In a recent article regarding the new State of Alaska regulation tightening the definition of what a "medically necessary" abortion is in order for public funds to pay for it, Rep. Beth Kerttula, D-Juneau makes the predictable statement that “Government should not be involved in these decisions, period.”
Here's a question for Rep. Kerttula. What do the following medical procedures all have in common ?
- Dental implants
- Chiropractic massage or heat treatments
- Hearing aid maintenance
- Erectile Dysfunction Drugs
- More than one portable x-ray service daily
- Drugs to treat the terminal condition of hospice recipients
- Cosmetic surgery
- Breast implants
Well, it turns out each of these procedures have been determined to not be medically necessary and are therefore not reimbursable under Medicaid.
Time and again we hear from advocates of public funding for all abortions that it is a decision that can only be made between a woman and her doctor. The reality though is that every day, Medicaid patients are told that there are certain procedures that do not qualify for public funding because they are elective. In other words, they are not medically necessary.
Who makes these determinations as to why certain procedures are not reimbursable? Who, Representative Kertulla, is getting between the physician and the patient ?
Answer – Medicaid bureaucrats. The bottom line is that Government is always involved when Government is footing the bill. Think ObamaCare.
When asked in public testimony to define what an elective abortion is during a Senate Judiciary hearing on SB49, the bill Alaska Family Action is advocating for that puts the same regulation the State just implemented into law, Laura Einstein, chief counsel for Planned Parenthood of the Great Northwest, said that she had “heard of the concept" but just didn't really know what it was.
Under the Alaska Constitution, the State only has to pay for medically necessary abortions and of course that also means it isn't require to pay for elective abortions. As long as standard, neutral medical terms and concepts are used, the State has every right to determine what constitutes a medically necessary abortion.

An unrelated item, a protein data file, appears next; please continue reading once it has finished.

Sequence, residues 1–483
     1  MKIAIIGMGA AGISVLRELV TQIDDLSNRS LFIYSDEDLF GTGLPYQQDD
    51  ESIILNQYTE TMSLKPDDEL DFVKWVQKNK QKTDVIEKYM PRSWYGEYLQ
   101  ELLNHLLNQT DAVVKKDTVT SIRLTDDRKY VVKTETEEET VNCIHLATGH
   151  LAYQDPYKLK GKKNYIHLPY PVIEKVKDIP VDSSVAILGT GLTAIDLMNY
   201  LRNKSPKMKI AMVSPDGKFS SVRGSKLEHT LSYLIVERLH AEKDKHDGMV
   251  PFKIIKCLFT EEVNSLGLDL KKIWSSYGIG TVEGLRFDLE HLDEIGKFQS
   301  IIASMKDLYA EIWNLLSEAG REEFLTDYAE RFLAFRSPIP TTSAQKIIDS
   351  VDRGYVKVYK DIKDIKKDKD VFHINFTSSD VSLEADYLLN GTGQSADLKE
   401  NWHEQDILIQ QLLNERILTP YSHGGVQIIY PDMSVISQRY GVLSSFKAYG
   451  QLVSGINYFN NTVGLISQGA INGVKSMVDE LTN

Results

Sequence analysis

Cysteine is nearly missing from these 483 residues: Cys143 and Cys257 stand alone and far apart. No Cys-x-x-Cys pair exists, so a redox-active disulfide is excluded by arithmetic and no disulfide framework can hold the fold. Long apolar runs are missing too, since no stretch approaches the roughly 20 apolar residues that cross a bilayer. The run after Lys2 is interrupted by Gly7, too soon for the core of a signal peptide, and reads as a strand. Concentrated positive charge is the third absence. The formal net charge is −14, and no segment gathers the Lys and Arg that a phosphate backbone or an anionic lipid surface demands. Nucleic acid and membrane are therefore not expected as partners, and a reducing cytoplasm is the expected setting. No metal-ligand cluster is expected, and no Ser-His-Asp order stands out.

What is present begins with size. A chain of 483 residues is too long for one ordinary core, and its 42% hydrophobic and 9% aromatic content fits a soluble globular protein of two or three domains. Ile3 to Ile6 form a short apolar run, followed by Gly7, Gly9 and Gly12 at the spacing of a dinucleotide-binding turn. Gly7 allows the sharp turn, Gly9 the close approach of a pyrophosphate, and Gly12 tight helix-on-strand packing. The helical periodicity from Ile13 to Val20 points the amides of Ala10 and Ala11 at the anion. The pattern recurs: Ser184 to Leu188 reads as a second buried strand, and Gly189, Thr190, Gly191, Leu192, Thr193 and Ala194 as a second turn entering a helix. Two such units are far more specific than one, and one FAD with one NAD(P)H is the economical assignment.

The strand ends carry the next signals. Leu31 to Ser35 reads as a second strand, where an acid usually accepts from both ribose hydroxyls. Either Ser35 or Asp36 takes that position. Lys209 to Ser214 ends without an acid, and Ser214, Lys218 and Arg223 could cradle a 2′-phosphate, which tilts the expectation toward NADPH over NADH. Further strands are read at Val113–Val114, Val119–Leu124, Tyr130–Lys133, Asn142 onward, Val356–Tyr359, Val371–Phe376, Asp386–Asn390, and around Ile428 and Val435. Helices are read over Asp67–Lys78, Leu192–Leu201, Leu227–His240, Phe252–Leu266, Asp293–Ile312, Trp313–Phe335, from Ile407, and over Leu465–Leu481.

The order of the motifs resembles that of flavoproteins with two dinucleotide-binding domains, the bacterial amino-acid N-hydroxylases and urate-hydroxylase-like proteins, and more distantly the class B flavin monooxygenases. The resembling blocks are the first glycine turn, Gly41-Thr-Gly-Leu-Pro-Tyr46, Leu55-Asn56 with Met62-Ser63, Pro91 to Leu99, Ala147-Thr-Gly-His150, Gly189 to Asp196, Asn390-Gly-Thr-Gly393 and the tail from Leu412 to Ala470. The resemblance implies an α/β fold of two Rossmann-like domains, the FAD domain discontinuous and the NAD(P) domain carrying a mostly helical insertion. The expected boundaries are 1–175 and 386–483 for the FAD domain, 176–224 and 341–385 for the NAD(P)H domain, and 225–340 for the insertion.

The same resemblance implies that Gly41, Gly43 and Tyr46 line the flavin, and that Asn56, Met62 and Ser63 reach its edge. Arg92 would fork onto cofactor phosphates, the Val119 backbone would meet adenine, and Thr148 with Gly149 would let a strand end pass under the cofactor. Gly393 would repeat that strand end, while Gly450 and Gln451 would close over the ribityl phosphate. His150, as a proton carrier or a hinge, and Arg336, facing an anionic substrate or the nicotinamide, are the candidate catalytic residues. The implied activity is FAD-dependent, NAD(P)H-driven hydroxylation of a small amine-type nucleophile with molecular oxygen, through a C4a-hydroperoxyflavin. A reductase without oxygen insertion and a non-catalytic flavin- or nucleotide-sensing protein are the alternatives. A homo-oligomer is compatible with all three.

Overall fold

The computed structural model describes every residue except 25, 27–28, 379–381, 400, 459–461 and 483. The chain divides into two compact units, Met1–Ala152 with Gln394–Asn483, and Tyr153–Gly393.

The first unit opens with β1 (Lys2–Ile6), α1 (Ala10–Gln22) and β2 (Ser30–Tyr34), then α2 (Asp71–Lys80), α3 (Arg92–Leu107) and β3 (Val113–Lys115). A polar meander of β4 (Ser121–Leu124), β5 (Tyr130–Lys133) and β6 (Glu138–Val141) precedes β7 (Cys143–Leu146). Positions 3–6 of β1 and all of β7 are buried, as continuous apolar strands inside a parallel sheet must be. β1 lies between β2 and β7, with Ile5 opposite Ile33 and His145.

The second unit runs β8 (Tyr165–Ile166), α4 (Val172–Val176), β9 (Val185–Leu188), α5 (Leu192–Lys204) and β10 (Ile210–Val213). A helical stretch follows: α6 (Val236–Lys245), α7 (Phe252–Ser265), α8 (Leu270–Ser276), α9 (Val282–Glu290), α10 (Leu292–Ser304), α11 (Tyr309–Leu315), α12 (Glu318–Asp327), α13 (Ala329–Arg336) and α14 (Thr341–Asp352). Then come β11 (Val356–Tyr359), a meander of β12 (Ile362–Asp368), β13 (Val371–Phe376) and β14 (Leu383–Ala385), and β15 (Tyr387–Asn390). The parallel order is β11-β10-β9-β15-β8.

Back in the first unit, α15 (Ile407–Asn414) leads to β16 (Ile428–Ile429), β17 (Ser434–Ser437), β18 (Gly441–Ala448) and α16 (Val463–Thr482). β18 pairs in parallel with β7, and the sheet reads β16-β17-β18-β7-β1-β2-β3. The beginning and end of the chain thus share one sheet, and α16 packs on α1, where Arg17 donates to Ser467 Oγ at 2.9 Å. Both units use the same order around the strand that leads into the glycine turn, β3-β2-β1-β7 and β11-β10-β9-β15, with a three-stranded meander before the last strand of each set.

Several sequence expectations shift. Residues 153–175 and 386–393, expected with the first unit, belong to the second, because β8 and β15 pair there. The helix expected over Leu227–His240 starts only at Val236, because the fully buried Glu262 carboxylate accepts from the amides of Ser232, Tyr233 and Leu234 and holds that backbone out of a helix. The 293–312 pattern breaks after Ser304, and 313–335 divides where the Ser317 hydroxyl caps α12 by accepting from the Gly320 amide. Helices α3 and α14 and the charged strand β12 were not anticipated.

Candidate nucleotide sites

In the 2001 State vs. Planned Parenthood case, the Alaska Supreme Court emphasized in its Opinion that that the Planned Parenthood case did “not concern State payment for elective abortions.” The Court repeatedly limited the application of its decision to “medically necessary abortions” and in fact specifically and deliberately referred to the “medically necessary” nature of the abortions that it was addressing in the case on thirty-four (34) separate instances in its Opinion.
The State is not obligated to leave the definition of “medical necessity” for purposes of Medicaid funding in the sole and unquestioned discretion of the physician. If that were the case, then the State would not be permitted to define the types of medical care that is covered by Medicaid and the types of medical care that is not.
Alaska abortion providers have proven themselves to be unreliable with respect to distinguishing between abortions that are medically necessary and those that are not. For example Dr. Whitefield, one of Alaska’s leading abortion providers and now with Planned Parenthood, has testified under oath that he has consistently defined medical necessity to include women who believe pregnancy will interfere with their employment or education plans, as well as women who view their pregnancy as being an “affront” to them (which essentially means that the woman does not want to be pregnant).
With these new regulations now in place, and hopefully with SB49 getting to Governor Parnell's desk for his signature early this spring, abortion providers in Alaska will have to start being honest when they seek reimbursement for an elective procedure that ends the life of an unborn child.
This is a victory that should be celebrated not just by those who value the sanctity of every life. It should be seen as good public policy by any Alaskan who respects the rule of law.